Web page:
Victorian Pre-Raphaelite poet and painter Dante Gabriel Rossetti is almost as celebrated for his verse as his painting – and renowned too for the succession of lovely models and muses who appear in his art, and who apparently inspired work in both media. One was Fanny Cornforth, the blacksmith’s daughter who became his model and lover, and whose grave has just reportedly been discovered.
Rossetti first took up with Cornforth in 1858, while he was still involved with Elizabeth Siddal, his longtime companion, and ultimately, wife, who committed suicide in 1862. Cornforth became his fulltime housekeeper after Siddal’s death, as well as a focus for a major transition in his art towards a more Symbolist depiction of female figures, and stayed with him until his death in 1882. Her last years were unhappy, though, and she ended her life a victim of dementia in the Sussex county asylum, the Graylingwell Hospital in Chichester, and was buried in a common grave in 1909.
Cornforth illustrates – no pun intended – the dual role of poetry and painting in Rossetti’s aesthetic. She modeled for his 1867-68 painting Lady Lilith, and although the face in the oil version was later painted over with another model’s, the watercolor version here has her original features. Rossetti also produced a sonnet, originally called “Lilith” but later retitled “Body’s Beauty,” to accompany the poem, focusing naturally on the same theme:
Of Adam’s first wife, Lilith, it is told
(The witch he loved before the gift of Eve,)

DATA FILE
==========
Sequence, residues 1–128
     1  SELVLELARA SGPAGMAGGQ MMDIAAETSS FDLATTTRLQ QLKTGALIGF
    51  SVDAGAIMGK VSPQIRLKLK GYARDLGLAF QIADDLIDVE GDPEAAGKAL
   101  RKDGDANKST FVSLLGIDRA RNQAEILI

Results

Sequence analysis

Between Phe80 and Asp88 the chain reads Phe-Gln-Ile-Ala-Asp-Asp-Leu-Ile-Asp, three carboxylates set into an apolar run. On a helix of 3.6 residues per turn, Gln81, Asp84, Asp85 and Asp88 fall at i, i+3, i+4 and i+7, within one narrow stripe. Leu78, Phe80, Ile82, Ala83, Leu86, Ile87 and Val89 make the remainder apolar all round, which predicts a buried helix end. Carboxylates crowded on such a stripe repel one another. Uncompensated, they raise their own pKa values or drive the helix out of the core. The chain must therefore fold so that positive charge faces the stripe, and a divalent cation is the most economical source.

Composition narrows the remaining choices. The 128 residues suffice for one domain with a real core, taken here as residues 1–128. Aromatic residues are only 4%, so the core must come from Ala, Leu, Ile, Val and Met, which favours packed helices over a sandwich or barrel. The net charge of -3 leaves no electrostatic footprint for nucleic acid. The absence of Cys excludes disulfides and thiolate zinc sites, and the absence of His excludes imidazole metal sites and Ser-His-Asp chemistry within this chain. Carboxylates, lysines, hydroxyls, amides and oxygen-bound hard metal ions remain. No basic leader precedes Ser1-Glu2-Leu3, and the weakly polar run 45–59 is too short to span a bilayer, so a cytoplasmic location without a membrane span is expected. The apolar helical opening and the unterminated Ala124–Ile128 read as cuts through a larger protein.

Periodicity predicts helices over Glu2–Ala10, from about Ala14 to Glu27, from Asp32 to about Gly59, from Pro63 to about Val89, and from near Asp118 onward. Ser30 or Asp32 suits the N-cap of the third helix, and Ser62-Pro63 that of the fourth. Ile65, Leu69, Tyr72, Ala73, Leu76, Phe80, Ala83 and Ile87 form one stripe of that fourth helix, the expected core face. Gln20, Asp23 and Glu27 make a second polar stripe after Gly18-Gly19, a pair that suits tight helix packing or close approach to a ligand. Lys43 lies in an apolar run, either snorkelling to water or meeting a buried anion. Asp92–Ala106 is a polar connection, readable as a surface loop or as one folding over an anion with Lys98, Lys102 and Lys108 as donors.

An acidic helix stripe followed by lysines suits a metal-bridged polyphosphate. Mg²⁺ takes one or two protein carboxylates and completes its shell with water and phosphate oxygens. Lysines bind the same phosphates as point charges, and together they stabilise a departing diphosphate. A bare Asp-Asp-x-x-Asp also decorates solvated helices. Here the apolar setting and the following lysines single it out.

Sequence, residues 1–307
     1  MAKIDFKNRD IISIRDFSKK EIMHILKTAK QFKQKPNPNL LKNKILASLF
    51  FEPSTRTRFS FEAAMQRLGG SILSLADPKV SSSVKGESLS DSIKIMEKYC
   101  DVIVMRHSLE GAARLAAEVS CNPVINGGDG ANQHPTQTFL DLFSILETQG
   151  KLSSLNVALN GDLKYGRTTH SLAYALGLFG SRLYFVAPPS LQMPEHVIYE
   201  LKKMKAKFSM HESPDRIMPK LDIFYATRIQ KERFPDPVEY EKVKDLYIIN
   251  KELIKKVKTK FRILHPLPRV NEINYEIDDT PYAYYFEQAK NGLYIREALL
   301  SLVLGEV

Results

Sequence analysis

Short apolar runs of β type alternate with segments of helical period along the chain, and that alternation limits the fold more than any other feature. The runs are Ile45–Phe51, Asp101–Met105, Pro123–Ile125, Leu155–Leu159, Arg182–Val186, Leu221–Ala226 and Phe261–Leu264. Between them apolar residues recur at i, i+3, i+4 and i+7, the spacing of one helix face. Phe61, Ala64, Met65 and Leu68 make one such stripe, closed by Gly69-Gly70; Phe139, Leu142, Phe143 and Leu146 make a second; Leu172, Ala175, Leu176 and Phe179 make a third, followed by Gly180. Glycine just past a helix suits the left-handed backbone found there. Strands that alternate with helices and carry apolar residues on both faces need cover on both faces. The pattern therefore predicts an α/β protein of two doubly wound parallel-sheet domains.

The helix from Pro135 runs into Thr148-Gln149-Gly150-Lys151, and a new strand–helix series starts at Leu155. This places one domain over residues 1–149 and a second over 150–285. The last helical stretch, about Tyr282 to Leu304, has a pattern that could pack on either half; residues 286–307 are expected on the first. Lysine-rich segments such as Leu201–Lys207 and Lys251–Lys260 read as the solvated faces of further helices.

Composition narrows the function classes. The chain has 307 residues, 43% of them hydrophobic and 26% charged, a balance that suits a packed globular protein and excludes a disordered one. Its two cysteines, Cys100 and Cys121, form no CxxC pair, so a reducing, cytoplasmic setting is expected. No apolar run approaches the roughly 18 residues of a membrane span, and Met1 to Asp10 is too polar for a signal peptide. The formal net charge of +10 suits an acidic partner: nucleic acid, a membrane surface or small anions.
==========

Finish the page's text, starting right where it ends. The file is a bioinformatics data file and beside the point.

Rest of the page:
That, ere the snake’s, her sweet tongue could deceive,
And her enchanted hair was the first gold.
And still she sits, young while the earth is old,
And, subtly of herself contemplative,
Draws men to watch the bright web she can weave,
Till heart and body and life are in its hold.
The rose and poppy are her flowers; for where
Is he not found, O Lilith, whom shed scent
And soft-shed kisses and soft sleep shall snare?
Lo! as that youth’s eyes burned at thine, so went
Thy spell through him, and left his straight neck bent
And round his heart one strangling golden hair.
Cornforth also was the model for a painting based on an Italian poem that Rossetti translated, his Aurelia (Fazio’s Mistress), begun in 1863, and based on “the poetry of Fazio degli Uberti (1326-1360), addressing his Lady, Agniola of Verona, which Rossetti had included in his Early Italian Poets in 1861,” according to the Tate Gallery. Once again, it is a clear example of how Rossetti saw both poetry and painting as illustrations of a theme that could be addressed by either medium. And Cornforth was one of the key muses who allowed both gifts to flourish.